Tornike Shengelia was not going to play a big role for the Nets this season — he played in just 19 games last season and didn’t exactly impress at Summer League in Orlando where he averaged 7.6 points a game on 35 percent shooting.

But any he hope he had of contributing much likely just went out the window.

The Nets announced he will have surgery to repair the meniscus in his left knee. This was an injury suffered while working out with the Georgian national team.

The timeline for Shengelia’s recovery will be announced after the surgery. Suffice to say he’s not going to be ready to go opening night and could potentially miss the entire season.

Report: Garnett signs off on trade that would send him, Pierce to Brooklyn

Paul Pierce, Kevin Garnett

UPDATE #2 10:56 PM: Kevin Garnett will agree to waive his no-trade clause, clearing a major hurdle for the deal, according to Adrian Wojnarowski of Yahoo Sports.

That makes this deal far more likely. It is not finalized yet, and can’t be officially executed until July 10, but the teams are working to get the deal paramaters set by tomorrow. This looks like it could really happen.

UPDATE 5:50 pm: This trade is moving along and moving along quickly — the deal is in advanced talks and Kevin Garnett has had it presented to him to see if he would waive his no-trade clause, according to multiple reports.

The trade has actually grown to include more players, reports Adrian Wojnarowski of Yahoo Sports:

The talks are centering around a package that would include Gerald Wallace, Tornike Shengelia, the expiring deal of Kris Humphries and three future first-round picks (2014, ’16 and ’18), sources told Y! Sports.

Jason Terry also will be in the package going to the Nets, sources said. The Nets would send back Reggie Evans and do a sign-and-trade involving Keith Bogans and one more minimum-level player as part of package, a source said.

Marc Stein at ESPN reports Garnett has been approached about waiving his no trade clause to allow this deal.

The two sides could agree in principle to the trade in the next 24 hours, however it cannot be executed until July 10. That is because it requires Paul Pierce’s larger salary, which kicks in July 1, but there is a moratorium on trades being finalized at the start of the free agent period. That lasts until the 10th.

1:13 pm: If Nets GM Billy King can find a way to get out from under this roster he built, the man deserves a Harry Houdini award.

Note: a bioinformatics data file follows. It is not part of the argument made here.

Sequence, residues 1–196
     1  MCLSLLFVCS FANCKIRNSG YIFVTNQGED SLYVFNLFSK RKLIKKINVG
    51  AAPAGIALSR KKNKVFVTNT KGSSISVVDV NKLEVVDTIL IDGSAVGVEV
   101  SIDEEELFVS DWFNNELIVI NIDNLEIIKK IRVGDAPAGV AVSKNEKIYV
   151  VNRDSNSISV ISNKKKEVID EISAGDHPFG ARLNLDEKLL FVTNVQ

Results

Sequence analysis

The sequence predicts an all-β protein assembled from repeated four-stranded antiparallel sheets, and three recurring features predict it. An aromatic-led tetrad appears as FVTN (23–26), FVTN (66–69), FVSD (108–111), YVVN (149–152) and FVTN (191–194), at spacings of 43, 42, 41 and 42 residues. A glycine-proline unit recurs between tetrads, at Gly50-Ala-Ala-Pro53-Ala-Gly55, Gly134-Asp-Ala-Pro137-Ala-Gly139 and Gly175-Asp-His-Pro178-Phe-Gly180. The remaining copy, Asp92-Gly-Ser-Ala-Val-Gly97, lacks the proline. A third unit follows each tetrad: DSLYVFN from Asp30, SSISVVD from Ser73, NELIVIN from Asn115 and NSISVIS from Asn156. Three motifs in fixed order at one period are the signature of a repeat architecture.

And he may have found his path — with the Boston Celtics.

The Nets and Celtics are discussing a blockbuster deal that would bring Kevin Garnett and Paul Pierce to Brooklyn, reports Adrian Wojnarowski of Yahoo Sports.

The talks are centering around a package that would include Gerald Wallace, Tomike Shengelia, the expiring deal of Kris Humphries and three future first-round picks, sources told Y! Sports.

Garnett has yet to be approached about waiving his no-trade clause, sources said, but there’s a belief that he could be convinced of agreeing to a deal should the Celtics and Nets be able to reach an agreement on terms. No deal is imminent.

First, this is not going to be done fast — it couldn’t be completed until after the moratorium is lifted on July 10 (because of Pierce’s salary).

Boston certainly wants to try and move Pierce and Garnett together — that way KG is more likely to waive his no-trade clause — but that is a lot of salary to move and few teams would be willing to take it on. Brooklyn apparently will consider it.

Those picks are spread out over a few years and there are complications — the Atlanta Hawks have the right to switch first round picks with the Nets in 2014 or 2015. The Nets can’t trade picks in consecutive years so this would space out for a while.

If it came to pass — and that’s still a big “if” — it would give the Nets Deron Williams at the point, Brook Lopez at center, Garnett at the four and Pierce at the five. There would be a lot of tax to be paid but the team would be a bigger threat (if they can stay healthy) to the elite of the East.

The picks would matter to the rebuilding Boston Celtics, but they would then be trying to move Gerald Wallace and the three years, $30 million still on his deal. That contract is an anchor and would be the hard part of the deal for Boston to swallow.

Whenever they do move Pierce and Garnett, other questions come up for Boston: How far down does the rebuilding go? Do you move Rajon Rondo too? Do the Celtics go all in on the “Woeful for Wiggins” train?